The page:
Issue with Noctua fans ramping up to 100% at certain temperatures

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Motherboard - Gigabyte Z170XP-SLI
CPU - i7 6700K OC'd to 4.4GHz
Cooler - Noctua NH-D15S w/single 140mm fan
Front Case Fan - Generic 140mm fan
Rear Case Fan - Noctua NF-A12x25 120mm fan
OS - Windows 10

I have an issue where the Noctua fans ramp up to 100% in certain circumstances regardless of the fan profile selected in the BIOS. The cpu fan ramps up when temperatures reach around 66 degrees, while the rear case fan occasionally ramps up for a period of time while playing a game (even if temps are below 60). The CPU fan is plugged into the CPU_FAN header, rear case fan is plugged into SYS_FAN1, and the front case fan is plugged into SYS_FAN3. Sometimes, the rear case fan has reached peaks of 2600rpm, even though the supposed max speed is 2000rpm. Where it gets especially annoying is when the CPU temps spike close to 70 degrees, and the fans ramp up to max speed before subsequently ramping back down. This can happen consecutively with temperature spikes when I'm, for instance, letting a 3D scene render or playing a CPU-heavy game like Red Dead Redemption 2.

Which leads to the question, should I update my BIOS to see if that fixes this issue? I'm currently on f6, the latest version being f22f. It mentions that the BIOS can't be downgraded after the fact back to the current version, and I'm wary of the risks of updating, especially since there's no other noticeable issues apart from this fan curve thing. And if updating the BIOS is the right move, what's the best method? Using Qflash?

The strange thing is that this ramp up problem only started occurring when I switched out the stock fans on my old Corsair h80 for 2 Noctua NF-A12x25s, since they were making grinding noises on startup. This carried over after switching the h80 out for the D15S, though it at least happens less frequently due to the improved cooling performance. Could it be a case of the current BIOS not having proper support for the Noctua fans?

Screenshot of the BIOS settings for reference:
4943ccfba9.jpg
 
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Just to confirm, all your fans are PWM 4 pin variety right?

The BIOS not having proper support for Noctua fans would be very unlikely.

More likely is that Gigabyte cheaped out on the fan controller and stuck some weird hybrid controller onto that board, or it needs an update via BIOS to get it to read proper sensor readings.

A quick gander at the manual gives me the impression that Gigabyte is using the same fan controls as from their Z77 chipset days, a few years earlier than yours those were (2012), and those were seriously bad at controlling the fans aswell. They either never rose as required (remaining far too low), or just jumped to max too quickly, or used a completely different sensor that was always too cold or too hot (causing attached fans to stay full or off). They supposedly worked with standard 3 Pin fans (voltage control) and 4 pin PWM fans, so likely worked off of voltage control variation rather than true PWM control. Never really found a decent way to sort that out other than trying Speedfan (which is very old now and very possibly won't work in your case) and now using an proper PWM fan controller for control.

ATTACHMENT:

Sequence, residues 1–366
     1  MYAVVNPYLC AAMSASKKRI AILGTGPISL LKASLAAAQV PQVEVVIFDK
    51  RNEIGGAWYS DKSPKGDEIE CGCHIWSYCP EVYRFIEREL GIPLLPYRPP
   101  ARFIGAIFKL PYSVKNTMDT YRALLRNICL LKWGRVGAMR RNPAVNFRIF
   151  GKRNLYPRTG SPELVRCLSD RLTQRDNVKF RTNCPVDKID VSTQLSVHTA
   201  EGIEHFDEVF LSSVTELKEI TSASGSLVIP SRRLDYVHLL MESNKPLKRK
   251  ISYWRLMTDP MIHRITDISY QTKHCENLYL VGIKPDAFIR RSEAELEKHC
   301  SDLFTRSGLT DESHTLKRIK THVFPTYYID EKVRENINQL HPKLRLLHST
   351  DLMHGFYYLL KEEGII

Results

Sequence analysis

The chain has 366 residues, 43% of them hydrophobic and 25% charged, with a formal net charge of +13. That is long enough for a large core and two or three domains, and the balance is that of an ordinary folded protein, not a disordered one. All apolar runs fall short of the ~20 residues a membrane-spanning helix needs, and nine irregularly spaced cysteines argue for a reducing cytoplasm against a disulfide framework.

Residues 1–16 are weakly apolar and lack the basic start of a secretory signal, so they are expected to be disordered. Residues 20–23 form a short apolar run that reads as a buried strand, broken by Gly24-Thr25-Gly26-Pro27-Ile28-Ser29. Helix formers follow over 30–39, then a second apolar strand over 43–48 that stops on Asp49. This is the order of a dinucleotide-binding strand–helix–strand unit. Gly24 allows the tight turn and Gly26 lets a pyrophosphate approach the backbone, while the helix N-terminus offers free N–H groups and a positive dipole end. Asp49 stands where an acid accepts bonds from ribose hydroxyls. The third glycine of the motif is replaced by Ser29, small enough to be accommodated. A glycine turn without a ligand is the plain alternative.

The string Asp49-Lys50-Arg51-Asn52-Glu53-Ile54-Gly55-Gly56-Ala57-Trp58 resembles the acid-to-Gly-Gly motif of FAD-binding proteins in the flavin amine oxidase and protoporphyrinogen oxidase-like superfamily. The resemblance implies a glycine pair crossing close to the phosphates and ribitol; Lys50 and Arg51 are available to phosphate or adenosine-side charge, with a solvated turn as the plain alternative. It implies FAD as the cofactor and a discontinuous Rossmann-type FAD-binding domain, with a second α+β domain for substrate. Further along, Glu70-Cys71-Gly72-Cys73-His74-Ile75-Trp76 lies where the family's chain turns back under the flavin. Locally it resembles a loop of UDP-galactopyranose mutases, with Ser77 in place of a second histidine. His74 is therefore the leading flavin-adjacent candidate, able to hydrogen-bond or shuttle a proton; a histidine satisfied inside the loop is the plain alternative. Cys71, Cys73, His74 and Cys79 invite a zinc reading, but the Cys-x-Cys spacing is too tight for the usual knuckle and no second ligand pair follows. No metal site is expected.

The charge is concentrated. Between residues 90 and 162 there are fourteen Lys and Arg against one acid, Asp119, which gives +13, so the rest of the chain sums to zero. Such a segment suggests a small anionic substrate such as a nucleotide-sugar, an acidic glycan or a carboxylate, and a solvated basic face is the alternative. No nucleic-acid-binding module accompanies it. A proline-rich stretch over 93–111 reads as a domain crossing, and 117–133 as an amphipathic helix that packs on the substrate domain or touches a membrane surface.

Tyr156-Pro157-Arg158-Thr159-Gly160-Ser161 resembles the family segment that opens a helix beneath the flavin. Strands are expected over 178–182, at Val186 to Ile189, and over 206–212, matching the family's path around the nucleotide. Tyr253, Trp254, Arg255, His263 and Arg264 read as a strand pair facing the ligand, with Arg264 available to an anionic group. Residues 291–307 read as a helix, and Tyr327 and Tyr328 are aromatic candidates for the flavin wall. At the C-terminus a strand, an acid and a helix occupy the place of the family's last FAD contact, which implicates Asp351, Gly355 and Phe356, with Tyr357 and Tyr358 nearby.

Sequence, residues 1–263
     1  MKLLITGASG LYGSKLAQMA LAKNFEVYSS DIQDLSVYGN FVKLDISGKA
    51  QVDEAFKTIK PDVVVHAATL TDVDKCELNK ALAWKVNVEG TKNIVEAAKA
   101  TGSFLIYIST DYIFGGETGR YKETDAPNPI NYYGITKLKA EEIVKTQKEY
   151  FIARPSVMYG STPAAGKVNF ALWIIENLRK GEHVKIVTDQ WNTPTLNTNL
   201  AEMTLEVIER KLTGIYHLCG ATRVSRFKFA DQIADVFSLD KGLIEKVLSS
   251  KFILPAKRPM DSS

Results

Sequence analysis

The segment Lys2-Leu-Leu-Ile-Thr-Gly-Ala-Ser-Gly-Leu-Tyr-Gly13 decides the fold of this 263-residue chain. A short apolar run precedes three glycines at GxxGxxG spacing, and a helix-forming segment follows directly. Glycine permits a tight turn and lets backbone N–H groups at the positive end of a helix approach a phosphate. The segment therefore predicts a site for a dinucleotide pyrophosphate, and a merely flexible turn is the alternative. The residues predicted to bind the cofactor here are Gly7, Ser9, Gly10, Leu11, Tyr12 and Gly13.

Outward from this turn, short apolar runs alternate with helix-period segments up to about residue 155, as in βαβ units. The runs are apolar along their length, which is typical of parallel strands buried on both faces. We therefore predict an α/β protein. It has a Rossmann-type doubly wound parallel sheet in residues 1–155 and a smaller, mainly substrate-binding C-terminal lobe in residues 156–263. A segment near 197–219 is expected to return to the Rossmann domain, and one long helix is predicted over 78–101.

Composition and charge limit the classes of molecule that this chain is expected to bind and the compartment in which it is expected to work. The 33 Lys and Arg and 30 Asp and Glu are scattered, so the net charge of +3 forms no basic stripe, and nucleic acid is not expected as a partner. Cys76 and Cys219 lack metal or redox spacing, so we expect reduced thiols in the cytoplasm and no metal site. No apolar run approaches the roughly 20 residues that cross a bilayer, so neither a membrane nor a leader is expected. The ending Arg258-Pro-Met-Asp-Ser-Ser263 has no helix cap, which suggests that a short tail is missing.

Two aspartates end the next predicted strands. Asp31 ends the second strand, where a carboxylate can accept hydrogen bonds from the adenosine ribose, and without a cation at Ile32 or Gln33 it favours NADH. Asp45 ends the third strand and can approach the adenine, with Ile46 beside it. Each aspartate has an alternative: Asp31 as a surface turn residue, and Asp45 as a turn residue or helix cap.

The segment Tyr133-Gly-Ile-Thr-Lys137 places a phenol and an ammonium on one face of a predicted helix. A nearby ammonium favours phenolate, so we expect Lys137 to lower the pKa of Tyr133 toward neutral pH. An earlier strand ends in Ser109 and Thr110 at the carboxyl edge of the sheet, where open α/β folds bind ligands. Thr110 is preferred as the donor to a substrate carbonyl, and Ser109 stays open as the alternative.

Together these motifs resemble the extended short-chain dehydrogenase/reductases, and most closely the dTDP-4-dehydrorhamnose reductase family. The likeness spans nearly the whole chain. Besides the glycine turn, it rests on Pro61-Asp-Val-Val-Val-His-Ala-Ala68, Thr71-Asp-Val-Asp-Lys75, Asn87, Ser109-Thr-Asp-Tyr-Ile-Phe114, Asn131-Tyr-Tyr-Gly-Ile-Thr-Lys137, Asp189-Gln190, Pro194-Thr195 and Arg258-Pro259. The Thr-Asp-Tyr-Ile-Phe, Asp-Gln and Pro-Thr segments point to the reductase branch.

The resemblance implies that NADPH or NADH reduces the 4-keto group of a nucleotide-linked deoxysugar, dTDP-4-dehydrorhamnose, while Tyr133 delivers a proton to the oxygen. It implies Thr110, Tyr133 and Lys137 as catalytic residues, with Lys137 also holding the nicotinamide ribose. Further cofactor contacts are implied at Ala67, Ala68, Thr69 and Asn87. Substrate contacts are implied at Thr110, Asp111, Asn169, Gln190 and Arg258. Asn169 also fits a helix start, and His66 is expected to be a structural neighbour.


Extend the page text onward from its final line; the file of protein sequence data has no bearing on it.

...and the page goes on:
And one final look, yep. Gigabyte have 4 pins on their non CPU fan headers, but they aren't true PWM, they're voltage control. Only the CPU is a real PWM and I think the controller is still actually using Voltage control as it did on the Z77 boards they had. That's probably why your Noctua A12x25 is playing funny, as it's expecting a PWM signal to control its speeds and not the voltage variation.

But, that might explain the funniness with the fan speeds ramping, but not the 2600rpm you've seen. Which I think is an error or bug. Which possibly needs a BIOS update to get working properly.

Looking at the BIOS available, I don't see anything about improvements to sensors and fan control, so can't say whether an update will help or not. But if I was dead set about trying to get the fans under control, that'll be something I'd try updating first, but that's just me.
 
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No options in the BIOS to reconfigure the fan curves?

My current x570 board was really annoying at stock because it was ramping the fans at every little change in temperature. With the fan curves manually adjusted, it's basically silent except for when it is running with a sustained load.
 
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No options in the BIOS to reconfigure the fan curves?

My current x570 board was really annoying at stock because it was ramping the fans at every little change in temperature. With the fan curves manually adjusted, it's basically silent except for when it is running with a sustained load.

Looking at the manual for it, there's no manually controllable/configurable curve per-se like what we normally expect. Just a divider that's applied to simulate a curve from the temperature its using. It's really bad.
 
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This is the fan in the rear of the case.
https://www.amazon.co.uk/gp/product/B07C5VG64V/ref=ppx_yo_dt_b_search_asin_title?ie=UTF8&psc=1
The CPU fan is the one included with the NH-D15S.